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What is in the toolkit (and what are the tools)? How to approach the study of doctor–patient communication
  1. Caitríona Cox,
  2. Zoë Fritz
  1. The Healthcare Improvement Studies Institute, University of Cambridge, Cambridge, UK
  1. Correspondence to Dr Caitríona Cox, The Healthcare Improvement Studies Institute, Cambridge, Cambridgeshire, UK; clc70{at}cam.ac.uk

Abstract

Doctor–patient communication is important, but is challenging to study, in part because it is multifaceted. Communication can be considered in terms of both the aspects of the communication itself, and its measurable effects. These effects are themselves varied: they can be proximal or distal, and can focus on subjective measures (how patients feel about communication), or objective measures (exploring more concrete health outcomes or behaviours). The wide range of methodologies available has resulted in a heterogeneous literature which can be difficult to compare and analyse.

Here, we provide a conceptual approach to studying doctor–patient communication, examining both variables which can controlled and different outcomes which can be measured. We present methodologies which can be used (questionnaires, semistructured interviews, vignette studies, simulated patient studies and observations of real interactions), with particular emphasis on their respective logistical advantages/disadvantages and scientific merits/limitations. To study doctor–patient communication more effectively, two or more different study designs could be used in combination.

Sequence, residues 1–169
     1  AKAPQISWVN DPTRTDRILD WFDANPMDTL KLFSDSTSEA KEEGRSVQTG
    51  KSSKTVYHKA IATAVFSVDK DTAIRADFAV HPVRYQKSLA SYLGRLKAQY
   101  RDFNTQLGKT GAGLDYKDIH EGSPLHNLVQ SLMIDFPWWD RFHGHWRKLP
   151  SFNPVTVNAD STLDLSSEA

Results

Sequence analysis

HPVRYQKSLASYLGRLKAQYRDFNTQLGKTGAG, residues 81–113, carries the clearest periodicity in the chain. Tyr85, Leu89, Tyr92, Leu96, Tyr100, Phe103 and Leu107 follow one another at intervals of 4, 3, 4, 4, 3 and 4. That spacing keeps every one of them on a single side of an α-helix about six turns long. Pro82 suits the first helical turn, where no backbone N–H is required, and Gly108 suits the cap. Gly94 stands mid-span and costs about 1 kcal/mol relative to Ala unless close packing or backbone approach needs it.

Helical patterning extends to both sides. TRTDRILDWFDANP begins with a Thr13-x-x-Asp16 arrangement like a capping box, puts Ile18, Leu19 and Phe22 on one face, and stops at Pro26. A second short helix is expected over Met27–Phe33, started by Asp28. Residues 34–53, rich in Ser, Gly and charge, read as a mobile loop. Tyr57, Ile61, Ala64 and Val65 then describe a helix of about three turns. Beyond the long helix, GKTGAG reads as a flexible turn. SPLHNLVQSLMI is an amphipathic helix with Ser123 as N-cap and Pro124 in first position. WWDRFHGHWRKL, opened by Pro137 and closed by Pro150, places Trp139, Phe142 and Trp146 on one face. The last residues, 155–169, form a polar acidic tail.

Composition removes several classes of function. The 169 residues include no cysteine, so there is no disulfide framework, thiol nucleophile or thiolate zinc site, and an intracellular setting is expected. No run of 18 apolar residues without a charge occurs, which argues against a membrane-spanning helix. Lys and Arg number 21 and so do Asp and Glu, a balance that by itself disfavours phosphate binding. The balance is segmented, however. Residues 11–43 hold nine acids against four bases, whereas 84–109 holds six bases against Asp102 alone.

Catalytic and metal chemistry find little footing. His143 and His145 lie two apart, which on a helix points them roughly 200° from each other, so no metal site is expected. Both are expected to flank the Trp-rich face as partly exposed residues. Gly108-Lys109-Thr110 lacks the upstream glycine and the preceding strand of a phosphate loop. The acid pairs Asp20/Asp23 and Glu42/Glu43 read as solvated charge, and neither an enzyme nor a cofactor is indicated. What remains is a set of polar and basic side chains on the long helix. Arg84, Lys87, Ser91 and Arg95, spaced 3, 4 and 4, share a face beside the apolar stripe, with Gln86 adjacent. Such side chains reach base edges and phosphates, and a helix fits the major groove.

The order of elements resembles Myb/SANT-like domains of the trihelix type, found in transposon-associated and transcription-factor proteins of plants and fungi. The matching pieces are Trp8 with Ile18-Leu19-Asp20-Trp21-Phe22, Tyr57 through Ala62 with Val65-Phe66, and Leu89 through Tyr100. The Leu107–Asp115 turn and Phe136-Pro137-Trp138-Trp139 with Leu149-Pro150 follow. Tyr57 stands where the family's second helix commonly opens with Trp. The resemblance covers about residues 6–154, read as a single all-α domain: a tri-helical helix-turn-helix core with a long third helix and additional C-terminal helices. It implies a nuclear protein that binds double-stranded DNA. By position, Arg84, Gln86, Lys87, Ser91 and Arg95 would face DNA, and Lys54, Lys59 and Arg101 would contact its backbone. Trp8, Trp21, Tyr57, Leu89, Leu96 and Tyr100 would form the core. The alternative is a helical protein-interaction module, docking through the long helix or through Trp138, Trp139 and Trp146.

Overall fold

We have provided a concise and practically relevant review of the methodologies available to study doctor–patient communication to give researchers an objective view of the toolkit available to them: both to understand current research, and to conduct robust and relevant studies in the future.

  • statistics & research methods
  • qualitative research
  • medical education & training

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Footnotes

  • Contributors ZF and CC together conceived the idea for the review. CC reviewed the literature and produced a first draft of the paper, with input from ZF. ZF provided comments and edited this draft. Both authors contributed to the arguments made in the final version of the paper, which is the result of their close collaboration.

  • Funding This research was funded in whole, or in part, by the Wellcome Trust 208213/Z/17/Z. For the purpose of open access, the author has applied a CC BY public copyright licence to any Author Accepted Manuscript version arising from this submission. CC is funded by an NIHR academic clinical fellowship. ZF and CC are based in The Healthcare Improvement Studies Institute (THIS Institute), University of Cambridge. THIS Institute is supported by the Health Foundation, an independent charity committed to bringing about better health and healthcare for people in the UK.

  • Competing interests CC is an associate social media editor for the PMJ.

  • Provenance and peer review Not commissioned; externally peer reviewed.